“No,” I answered with a shudder.
“At the inquest it was not mentioned, I think, that he had been seen in the village?”
“It was not,” I admitted. “Most of the people were at Colonel Ray’s lecture. He spoke to one girl, a Miss Moyat.”
“She did not give evidence.”
“I thought,” I said in a low tone, “that she had better not.”
“Did you hear anything after Ray left?” he asked suddenly.
I could have cried out, but my tongue seemed dry in my throat.
“There was a sound,” I muttered, “I fancied that it was a cry. But I could not tell. The wind was blowing, and the sea and rain! No, I could not tell.”
He rose up.
“You appear,” he said drily, “to have discretion. Cultivate it! It is a great gift. I shall look for you at eleven o’clock in the morning. I am having a large house party this week, and amongst them will be our friends.”
He left me without any further farewell, and turned slowly homewards. When he reached the bend in the road he paused, and remained there for several moments motionless. His eyes were fixed upon the small creek. He seemed to be measuring the distance between it and the road. He was still lingering there when I closed the door.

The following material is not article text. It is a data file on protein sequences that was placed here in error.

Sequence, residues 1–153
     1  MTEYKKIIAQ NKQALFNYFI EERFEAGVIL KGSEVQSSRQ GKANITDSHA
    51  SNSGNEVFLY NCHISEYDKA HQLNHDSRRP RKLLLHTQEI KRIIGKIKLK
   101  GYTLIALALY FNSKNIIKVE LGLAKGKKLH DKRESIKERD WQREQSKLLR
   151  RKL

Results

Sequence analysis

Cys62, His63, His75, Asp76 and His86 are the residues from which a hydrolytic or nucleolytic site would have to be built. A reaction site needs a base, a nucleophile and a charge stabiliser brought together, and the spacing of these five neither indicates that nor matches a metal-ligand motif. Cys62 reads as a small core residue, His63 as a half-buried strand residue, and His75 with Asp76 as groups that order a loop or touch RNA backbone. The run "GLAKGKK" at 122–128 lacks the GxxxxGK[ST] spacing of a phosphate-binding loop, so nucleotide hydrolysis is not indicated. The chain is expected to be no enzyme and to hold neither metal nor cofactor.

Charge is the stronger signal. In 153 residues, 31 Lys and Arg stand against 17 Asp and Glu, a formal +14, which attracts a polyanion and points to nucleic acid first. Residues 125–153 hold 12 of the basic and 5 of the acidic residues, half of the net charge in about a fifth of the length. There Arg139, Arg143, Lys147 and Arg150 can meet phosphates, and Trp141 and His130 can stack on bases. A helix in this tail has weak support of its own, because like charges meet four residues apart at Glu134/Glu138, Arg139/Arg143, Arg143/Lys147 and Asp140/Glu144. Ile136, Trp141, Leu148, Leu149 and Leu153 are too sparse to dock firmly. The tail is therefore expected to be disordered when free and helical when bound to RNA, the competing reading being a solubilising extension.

The sunlight was streaming through the window when at last my pen ceased to move. I rubbed my eyes and looked out in momentary amazement. Morning had already broken across the sea. My green-shaded lamp was burning with a sickly light. The moon had turned pale and colourless whilst I sat at my desk.
I stretched myself and, lighting a cigarette, commenced to collect my papers. Immediately a dark figure rose from a couch in the farther corner of the room and approached me.
“Can I get you anything, sir?”
I turned in my chair. The man-servant whom the Duke had put in charge of the “Brand,” my present habitation, and who remained with me always in the room while I worked, stood at my elbow.
“I would like some coffee, Grooton,” I said. “I am going to walk up to the house with these papers, and I shall want a bath and some breakfast directly I get back.”
“Very good, sir. It shall be ready.”
I folded up the sheets and maps, and placing them in an oilskin case, tied them round my body under my waistcoat. Then I withdrew all the cartridges save one from the revolver which had lain all night within easy reach of my right hand, and slipped it into my pocket.
“Coffee ready, Grooton?”
“In one moment, sir.”
I watched him bending over the stove, pale, dark-visaged, with the subdued manners and voice which mark the aristocracy of servitude. My employer’s confidence in him must be immense, for while he watched over me I was practically in his power.
“Have you been long with the Duke, Grooton?” I asked him.